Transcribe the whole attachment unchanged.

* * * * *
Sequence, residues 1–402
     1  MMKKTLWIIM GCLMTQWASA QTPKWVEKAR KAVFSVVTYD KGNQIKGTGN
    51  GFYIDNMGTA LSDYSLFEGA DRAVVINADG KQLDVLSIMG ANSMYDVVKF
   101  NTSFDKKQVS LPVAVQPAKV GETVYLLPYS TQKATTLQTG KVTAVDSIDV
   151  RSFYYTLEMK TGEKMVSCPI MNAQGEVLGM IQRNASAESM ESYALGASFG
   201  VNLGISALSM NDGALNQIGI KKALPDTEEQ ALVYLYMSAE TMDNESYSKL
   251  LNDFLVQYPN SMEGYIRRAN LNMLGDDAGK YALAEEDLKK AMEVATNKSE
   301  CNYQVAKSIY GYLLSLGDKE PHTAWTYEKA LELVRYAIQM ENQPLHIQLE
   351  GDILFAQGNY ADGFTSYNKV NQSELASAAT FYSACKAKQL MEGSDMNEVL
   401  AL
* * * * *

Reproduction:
Sequence, residues 1–402
     1  MMKKTLWIIM GCLMTQWASA QTPKWVEKAR KAVFSVVTYD KGNQIKGTGN
    51  GFYIDNMGTA LSDYSLFEGA DRAVVINADG KQLDVLSIMG ANSMYDVVKF
   101  NTSFDKKQVS LPVAVQPAKV GETVYLLPYS TQKATTLQTG KVTAVDSIDV
   151  RSFYYTLEMK TGEKMVSCPI MNAQGEVLGM IQRNASAESM ESYALGASFG
   201  VNLGISALSM NDGALNQIGI KKALPDTEEQ ALVYLYMSAE TMDNESYSKL
   251  LNDFLVQYPN SMEGYIRRAN LNMLGDDAGK YALAEEDLKK AMEVATNKSE
   301  CNYQVAKSIY GYLLSLGDKE PHTAWTYEKA LELVRYAIQM ENQPLHIQLE
   351  GDILFAQGNY ADGFTSYNKV NQSELASAAT FYSACKAKQL MEGSDMNEVL
   401  AL